ORONO — Amy Vachon stood near midcourt and watched as her University of Maine women’s basketball players went through a defensive drill last week. After one repetition, she stopped them and pointed out what she was looking for – the positioning of their feet and bodies and what happens if they’re off.

It was just a little thing, but as senior forward Tanesha Sutton said, “Day in and day out, we need to pay attention to the little things so we can do great things.”

And great things are expected of the Black Bears this season.

Unlike 2017-18, when uncertainty shrouded a Maine women’s team that had only seven returning players and a head coach on medical leave, this is a team with high expectations.

That tends to happen when you win 23 games and the America East championship and advance to the NCAA tournament for the first time in 14 years.

“Having the year we had last year increases those (expectations) for us,” said Vachon, who served as interim head coach last season and officially became the head coach in March. “Of course, you get a taste of that and you want to go back. That’s just kind of how it is. But as far as what we do every day, we can’t change that. We have to work to get better every day. We have to focus on the little things.”

Maine lost only two players from that 23-10 team and has five of its top six scorers back. Junior forward Blanca Millan led Maine with 17.5 points and 99 steals while averaging 5.1 rebounds. Sutton averaged 12.1 points and a team-high 6.9 rebounds, and had 94 assists. Junior forward Fanny Wadling averaged 6.4 points and 5.6 rebounds. Sophomore point guard Dor Saar averaged 5.6 points and had 93 assists.

That experience is important.

“It’s different then what we’ve had the past couple of years,” said Vachon, who was inducted Friday night into the UMaine Hall of Fame. “It’s nice. You enter practice with the same terminology we’ve used the last two years, and the kids know. It makes things go more smoothly. And they know each other, they’ve played with each other, they hold each other accountable.”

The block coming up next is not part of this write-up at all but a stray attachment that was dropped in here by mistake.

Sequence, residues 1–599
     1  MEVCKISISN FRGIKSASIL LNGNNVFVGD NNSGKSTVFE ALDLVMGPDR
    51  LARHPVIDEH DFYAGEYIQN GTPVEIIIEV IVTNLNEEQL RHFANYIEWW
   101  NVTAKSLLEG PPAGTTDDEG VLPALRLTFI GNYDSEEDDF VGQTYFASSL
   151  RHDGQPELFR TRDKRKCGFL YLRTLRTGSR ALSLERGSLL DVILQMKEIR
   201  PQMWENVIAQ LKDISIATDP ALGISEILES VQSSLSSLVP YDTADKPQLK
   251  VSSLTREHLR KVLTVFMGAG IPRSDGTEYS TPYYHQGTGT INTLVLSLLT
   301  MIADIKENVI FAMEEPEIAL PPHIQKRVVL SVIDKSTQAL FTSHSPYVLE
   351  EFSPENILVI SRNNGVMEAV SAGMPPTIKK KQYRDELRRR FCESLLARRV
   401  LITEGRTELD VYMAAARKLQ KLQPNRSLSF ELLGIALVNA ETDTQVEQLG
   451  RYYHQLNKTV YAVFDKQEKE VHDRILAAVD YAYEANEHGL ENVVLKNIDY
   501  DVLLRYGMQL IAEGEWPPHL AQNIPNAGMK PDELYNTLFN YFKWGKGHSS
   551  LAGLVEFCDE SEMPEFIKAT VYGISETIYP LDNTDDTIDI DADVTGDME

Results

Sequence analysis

Wadling said there is a much better comfort level among the players and coaches.

“We do know each other,” she said. “Now, in the beginning, it’s like finding each other again, finding the timing in each other, how we play with each other.”

Senior guard Parise Rossignol, who returned last year after taking a year off and earned a big role off the bench, added, “We’re kind of building off what we did last year. We’re focusing on the little things that we can get better at and that can bring us to the next level.”

Vachon saw that work ethic even before official practices began last week. She said she met with each player in the spring and told them what they needed to work on in the summer. “Each one has come back having improved in those areas and wanting to get better,” said Vachon. “When you have kids like that, it’s fun. They’re coachable. They listen.”

That’s what the Black Bears have to do in order to be successful again.

“For us, it’s going to be hard to make the leap from 23 wins to 26 (or) 27 wins or something like that,” said Vachon. “In order for us to beat the teams we lost to last year, we have to be better at all the little things, the fundamentals that we harp on every day. And you have to continue to do that.

“We can’t just look at the big picture in March. That’s not going to work. We play too many really good teams along the way. So every day in practice, we have to focus on us and what we have to do to get better.”

Maine opens Nov. 10 at home against Toledo. Its nonconference schedule includes games with Duke (and former Maine head coach Joanne P. McCallie), North Carolina A&T, Pennsylvania, North Carolina and North Carolina State.

“We learn a lot from playing a tough nonconference schedule,” said Sutton. “We grow from it and it helps us build on to the (America East) season.”

The Black Bears like having a target on their back.

“You want to be in that position,” said Rossignol. “We’re in that position now. People are going to give you their best shot, and we have to focus on the little things, because the little things make the biggest difference.”

Mike Lowe can be contacted at 791-6422 or:

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